Union-restricting legislation moves forward

2014 LEGISLATIVE SESSION

2014 LEGISLATIVE SESSION

JACKSON — Mississippi lawmakers are moving ahead with a package of bills to restrict some labor union organizing and picketing practices.

The House passed a package of five bills yesterday, four of which will return to the Senate for more work because they were amended by the House.

The other, Senate Bill 2689, would stop local governments from restricting employer background checks. It will go to Gov. Phil Bryant for his consideration if House members don’t reconsider it.

Opponents of the bills question whether some are legal under federal law and whether others would have any practical effect. All are being supported by the U.S. Chamber of Commerce.

“They’re over there passing laws to keep people beat down when they make a pitiful wage,” said Robert Shaffer, president of the Mississippi AFL-CIO union federation.

Senate Bill 2473 would make it illegal to coerce a business into staying neutral in a union drive or allowing workers to choose union representation by signing cards instead of by secret ballot. It’s not clear what would constitute coercion, but businesses could sue anyone they believed engaged in it.

Union supporters have been pushing Nissan Motor Co. to declare its neutrality in an attempt by the United Auto Workers to unionize the Japanese automaker’s Canton plant. Supporters have said the bill isn’t specifically aimed at Nissan.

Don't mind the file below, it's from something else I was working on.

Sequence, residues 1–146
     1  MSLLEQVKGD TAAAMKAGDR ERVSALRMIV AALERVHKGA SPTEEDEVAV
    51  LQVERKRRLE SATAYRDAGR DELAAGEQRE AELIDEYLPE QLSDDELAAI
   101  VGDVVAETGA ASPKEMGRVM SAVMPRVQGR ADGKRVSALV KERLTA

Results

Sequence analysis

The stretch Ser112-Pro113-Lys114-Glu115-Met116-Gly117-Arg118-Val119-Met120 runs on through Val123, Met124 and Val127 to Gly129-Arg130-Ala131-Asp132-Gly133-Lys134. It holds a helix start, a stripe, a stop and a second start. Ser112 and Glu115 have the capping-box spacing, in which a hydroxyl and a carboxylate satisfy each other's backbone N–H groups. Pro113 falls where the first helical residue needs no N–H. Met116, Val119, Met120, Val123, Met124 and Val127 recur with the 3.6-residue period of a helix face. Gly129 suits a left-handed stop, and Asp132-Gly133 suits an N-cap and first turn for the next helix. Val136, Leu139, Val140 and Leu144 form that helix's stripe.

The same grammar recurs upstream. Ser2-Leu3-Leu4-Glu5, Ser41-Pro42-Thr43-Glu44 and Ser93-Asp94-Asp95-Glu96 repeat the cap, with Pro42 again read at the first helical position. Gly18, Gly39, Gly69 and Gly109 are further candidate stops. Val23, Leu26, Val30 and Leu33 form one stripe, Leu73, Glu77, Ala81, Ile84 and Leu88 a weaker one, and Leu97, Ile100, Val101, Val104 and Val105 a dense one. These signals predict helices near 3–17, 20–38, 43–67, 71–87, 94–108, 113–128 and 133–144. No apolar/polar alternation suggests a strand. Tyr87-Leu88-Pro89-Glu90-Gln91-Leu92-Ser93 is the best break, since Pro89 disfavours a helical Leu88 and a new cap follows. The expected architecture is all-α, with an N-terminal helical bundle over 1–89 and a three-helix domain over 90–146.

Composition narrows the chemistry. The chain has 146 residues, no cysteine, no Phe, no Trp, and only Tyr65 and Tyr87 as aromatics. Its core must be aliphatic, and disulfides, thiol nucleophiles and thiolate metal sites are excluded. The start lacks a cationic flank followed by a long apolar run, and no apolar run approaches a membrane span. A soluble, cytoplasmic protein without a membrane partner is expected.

Senate Bill 2653 tries to restrict mass picketing of a residence or place of business. It says pickets would be legal as long as they weren’t violent and didn’t block entrances. But it also makes getting an injunction against picketing easier.

Rep. Dennis DeBar, R-Leakesville, argued for the bill by saying it “maintains our state as a known right-to-work state.”

But Rep. Oscar Denton, D-Vicksburg, said it’s unneeded. “I’ve been a union person all my life,” he said. “I’ve even picketed. As of today, most pickets are peaceful.”

Senate Bill 2797, as rewritten by the House, appears to require legislative approval any time an employer or a union agrees to waive some rights as part of a “labor peace agreement.”

Shaffer said he was concerned that state officials would try to use the law to prevent companies recruited by the Mississippi Development Authority from using union labor to build their plants.

When Toyota Motor Corp. built its plant in Blue Springs, it signed a project labor agreement covering union workers. But Shaffer said that then-Gov. Haley Barbour tried to prevent the use of union labor.

 

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